In contrast to those families planning summer vacations, the homeless are faced with survival concerns: how to stay cool and how to stay hydrated. The homeless can be particularly vulnerable to heat waves because they cannot easily take steps to protect themselves, such as staying in air-conditioned places, avoiding direct sun and drinking plenty of water. Some of those living on the streets might be under the influence of drugs, alcohol or suffering from mental illness and are not thinking clearly. Add this to heat and dehydration and you have a lethal combination.
In Howell, Michigan the United Methodist Church opens their doors to the homeless during the winter to provide food and shelter from harsh weather. The combination of below-freezing temperatures and snow in Northern states present often fatal conditions.
Although each season presents it’s own unique set of challenges to people living in the streets, all require assistance. Next time you adjust the thermostat in your home, think twice about what it would be like to not have one. As Nashville Rescue Mission puts it, “Those with low or fixed incomes are also at risk. Many of them are forced to choose between eating or turning on their air conditioner”.
We are very excited to welcome our new intern, Brandon Rojano, to the A-team. He is working on his media production degree at the University of Houston, and has volunteered about 6 weeks of his summer to help us with video update stories in Guatemala. We would like to give him this chance to introduce himself…and we invite you to keep checking the blog for his updates!
The road that led me to Guatemala in the first place is very long, and if I tried to explain it all in one post you would probably get bored and open YouTube. As such I’ll try to be brief. I am volunteering for Athentikos. I have lived and spent time with both Shorty and Tita. Both of these amazing people work in hard places, bringing hope and love to those who Guatemala has deemed untouchable and left forgotten. Reparando means repairing in Spanish, and that’s exactly what Shorty and Tita are doing. They are working to repair their country, which has been scared and broken. I am especially close with Shorty and have lived with him on several occasions. Walking the same streets as him, journeyed to prisons, and learning so much about what it means to truly sacrifice and give all that you have for those around you.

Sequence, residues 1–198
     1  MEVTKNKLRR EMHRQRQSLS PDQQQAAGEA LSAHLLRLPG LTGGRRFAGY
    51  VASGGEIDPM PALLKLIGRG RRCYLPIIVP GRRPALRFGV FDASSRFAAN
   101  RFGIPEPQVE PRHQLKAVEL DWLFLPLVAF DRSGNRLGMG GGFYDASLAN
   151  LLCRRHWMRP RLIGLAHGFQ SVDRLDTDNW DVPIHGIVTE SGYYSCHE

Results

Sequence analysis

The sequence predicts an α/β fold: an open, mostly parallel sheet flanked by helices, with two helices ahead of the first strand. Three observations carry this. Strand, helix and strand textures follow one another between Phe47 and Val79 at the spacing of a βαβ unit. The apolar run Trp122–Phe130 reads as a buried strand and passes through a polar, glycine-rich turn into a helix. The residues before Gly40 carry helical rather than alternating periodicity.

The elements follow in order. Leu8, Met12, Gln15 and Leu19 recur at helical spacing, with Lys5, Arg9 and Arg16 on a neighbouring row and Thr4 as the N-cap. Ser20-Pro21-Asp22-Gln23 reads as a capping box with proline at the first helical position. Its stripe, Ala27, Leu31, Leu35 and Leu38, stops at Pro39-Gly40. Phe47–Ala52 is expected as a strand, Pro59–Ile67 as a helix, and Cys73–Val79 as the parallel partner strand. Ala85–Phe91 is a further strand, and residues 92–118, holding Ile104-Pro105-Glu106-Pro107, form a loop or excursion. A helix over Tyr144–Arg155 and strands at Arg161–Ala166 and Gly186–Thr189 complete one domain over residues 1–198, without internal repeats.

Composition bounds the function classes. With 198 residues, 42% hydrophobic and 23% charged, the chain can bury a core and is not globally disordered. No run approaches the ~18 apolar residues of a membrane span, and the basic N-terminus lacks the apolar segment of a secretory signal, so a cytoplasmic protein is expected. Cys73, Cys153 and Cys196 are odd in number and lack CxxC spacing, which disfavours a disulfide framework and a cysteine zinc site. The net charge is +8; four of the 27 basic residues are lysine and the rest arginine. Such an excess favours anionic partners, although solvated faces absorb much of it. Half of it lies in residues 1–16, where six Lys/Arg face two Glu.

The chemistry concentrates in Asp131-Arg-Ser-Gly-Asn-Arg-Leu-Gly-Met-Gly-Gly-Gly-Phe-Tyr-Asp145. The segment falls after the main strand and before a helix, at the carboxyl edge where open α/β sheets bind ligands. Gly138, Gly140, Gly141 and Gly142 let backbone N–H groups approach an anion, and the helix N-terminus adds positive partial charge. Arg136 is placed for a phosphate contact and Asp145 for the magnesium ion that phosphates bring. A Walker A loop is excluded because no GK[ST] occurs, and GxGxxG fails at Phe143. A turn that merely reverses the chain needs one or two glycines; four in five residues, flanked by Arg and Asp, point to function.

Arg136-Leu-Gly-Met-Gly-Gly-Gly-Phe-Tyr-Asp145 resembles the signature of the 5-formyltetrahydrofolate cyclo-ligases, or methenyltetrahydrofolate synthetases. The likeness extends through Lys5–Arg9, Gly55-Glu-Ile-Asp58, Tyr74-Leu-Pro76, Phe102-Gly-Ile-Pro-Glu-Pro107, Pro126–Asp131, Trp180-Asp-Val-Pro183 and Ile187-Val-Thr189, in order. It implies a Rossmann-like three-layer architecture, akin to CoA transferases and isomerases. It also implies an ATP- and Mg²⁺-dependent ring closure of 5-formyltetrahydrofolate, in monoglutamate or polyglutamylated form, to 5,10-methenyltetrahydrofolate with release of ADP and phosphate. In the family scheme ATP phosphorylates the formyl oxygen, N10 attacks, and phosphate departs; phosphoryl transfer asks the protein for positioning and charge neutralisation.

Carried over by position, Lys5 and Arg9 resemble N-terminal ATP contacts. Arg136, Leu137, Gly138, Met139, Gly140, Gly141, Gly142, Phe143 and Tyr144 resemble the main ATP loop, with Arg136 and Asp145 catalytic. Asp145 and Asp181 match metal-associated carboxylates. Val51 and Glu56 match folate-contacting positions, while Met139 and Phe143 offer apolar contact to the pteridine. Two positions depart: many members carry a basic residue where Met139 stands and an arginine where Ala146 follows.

During one of my stays with Shorty, I learned about Athentikos. I learned about Reparando and about the stories that Scott and Amelia have a passion for telling. They seek to give voice to people with none, and they, like me, have a passion and love for the people of Guatemala. This drew me to Athentikos, because as a aspiring filmmaker this almost exactly matched my philosophy of film. I want the things I create to have meaning, to tell stories of the things that you see everyday. I think film, more than another media has the power to create fantastic worlds and stories. Even though many of the films released are “popcorn” movies, movies can still evoke powerful emotions and reactions. So after a couple of years I contacted them expressing my interest to work with them. Then boom, here I am.
This time around I’ll be working to create a series of short videos updates focused on what has happened in the lives of the central characters in Reparando since its release, their triumphs and struggles, as well as raise awareness and support for their ministries. At the beginning of my stay here in Guatemala, I also helped the Athentikos film crew with the production of the new documentary Becoming Fools. It is tiring work and I’m constantly busy, but I love it and wouldn’t have it any other way.
It’s been great to be back, after all the times I’ve been down here this is my second home, and the people here are my family. Every time I come down here it is physically, emotionally, and spiritually draining, but it is good to go to bed after all long day of work and sleep well. I still have a long way to go and a busy schedule ahead of me but the time will go by fast, too fast usually. When I get back to Houston there is a lot of uncertainty ahead of me, but I’ve gotten used to that feeling a long time ago. That’s why I decided to call this blog Setting Sail. During the time I spend here and afterwards I see it as me setting sail into a vast sea, with adventure and excitement awaiting me on my journey.
There’s probably more I could write but I can’t think of it at the moment. I look forward to the many stories that are lying in wait here, and hope to share them with you soon.
Goodbye For Now